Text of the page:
• Kumana: best for seeing birds (largest bird safari in Sri Lanka); also has golden jackal, wild boar, crocodiles, elephants, and leopards
Elephants appearing to smile, with trunks locked around each other in a heart shape
These happy elephants know that Sri Lanka is amazing
Photo by Archie Fantom on Unsplash

Next we’ll explore the tea-growing center of Nuwara Eliya. Known as “Little England,” this hill station is in the midst of verdant valleys and misty mountains, with waterfalls and Lake Gregory to keep the temperatures down while the rest of the country swelters. It retains its upper-crust elite veneer, but its surrounding hills offer the perfect climate for Sri Lanka’s well-known tea crops. Aside from the several tea plantations that can be visited (such as popular Pedro), the area offers trekking opportunities, recreation, and historical attractions tied to its British colonial past. The main goal here is pure leisure…best enjoyed with a fresh cup of tea, of course!

Buddha statue and ruins at Nuwara Eliya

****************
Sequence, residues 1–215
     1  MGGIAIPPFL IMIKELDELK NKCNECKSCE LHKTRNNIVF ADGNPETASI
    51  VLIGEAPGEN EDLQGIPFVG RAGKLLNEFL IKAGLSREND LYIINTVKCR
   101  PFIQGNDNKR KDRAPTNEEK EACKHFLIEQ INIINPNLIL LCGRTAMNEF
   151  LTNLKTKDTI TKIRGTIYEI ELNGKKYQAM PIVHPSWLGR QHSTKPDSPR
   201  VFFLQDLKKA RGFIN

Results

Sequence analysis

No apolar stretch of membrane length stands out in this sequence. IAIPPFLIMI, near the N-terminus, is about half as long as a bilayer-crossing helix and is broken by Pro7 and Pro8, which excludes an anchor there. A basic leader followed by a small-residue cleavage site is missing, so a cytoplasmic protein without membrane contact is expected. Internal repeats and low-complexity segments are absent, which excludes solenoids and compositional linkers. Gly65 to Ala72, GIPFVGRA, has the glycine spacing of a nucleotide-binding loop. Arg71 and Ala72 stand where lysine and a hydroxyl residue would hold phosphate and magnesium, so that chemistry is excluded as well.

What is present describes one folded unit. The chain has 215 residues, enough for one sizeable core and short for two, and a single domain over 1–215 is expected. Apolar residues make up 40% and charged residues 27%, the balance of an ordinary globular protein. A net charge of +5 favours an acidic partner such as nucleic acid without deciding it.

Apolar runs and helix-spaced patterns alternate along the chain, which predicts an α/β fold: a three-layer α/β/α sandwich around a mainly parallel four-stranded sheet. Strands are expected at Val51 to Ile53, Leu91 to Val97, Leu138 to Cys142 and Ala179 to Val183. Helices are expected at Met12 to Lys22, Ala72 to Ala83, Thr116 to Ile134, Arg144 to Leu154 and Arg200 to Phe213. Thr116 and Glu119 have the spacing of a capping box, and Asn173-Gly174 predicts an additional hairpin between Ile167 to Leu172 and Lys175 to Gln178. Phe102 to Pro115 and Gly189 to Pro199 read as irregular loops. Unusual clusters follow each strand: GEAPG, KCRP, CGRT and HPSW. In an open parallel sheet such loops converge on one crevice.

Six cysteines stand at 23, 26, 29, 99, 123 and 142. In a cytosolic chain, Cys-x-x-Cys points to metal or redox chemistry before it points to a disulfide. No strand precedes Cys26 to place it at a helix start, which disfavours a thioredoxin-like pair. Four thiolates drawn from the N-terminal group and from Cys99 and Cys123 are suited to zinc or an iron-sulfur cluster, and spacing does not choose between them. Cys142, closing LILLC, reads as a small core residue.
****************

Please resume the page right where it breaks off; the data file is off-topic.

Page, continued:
Nuwara Eliya
Photo by Tharaka Jayasuriya on Unsplash

Have you had enough eye candy, yet? It’s time for another treat: Sri Lanka’s second largest city, Kandy. Not too far from the tea hills, this cultural capital’s biggest draw is an old tooth. This isn’t just any old hunk of enamel, it’s an actual tooth from Buddha. The Sri Dalada Maligawa, the “Temple of the Sacred Tooth Relic” is the most important Buddhist site in the country.

One of the best train rides in your life might just be the Kandy to Ella train. It’s known for its uber-scenic views, including a nine-arch bridge, and an iconic experience of days gone past. The village of Ella is a backpacker outpost but given its proximity to the natural attractions, train ride, and chill cultural vibes, it seems worth a stop.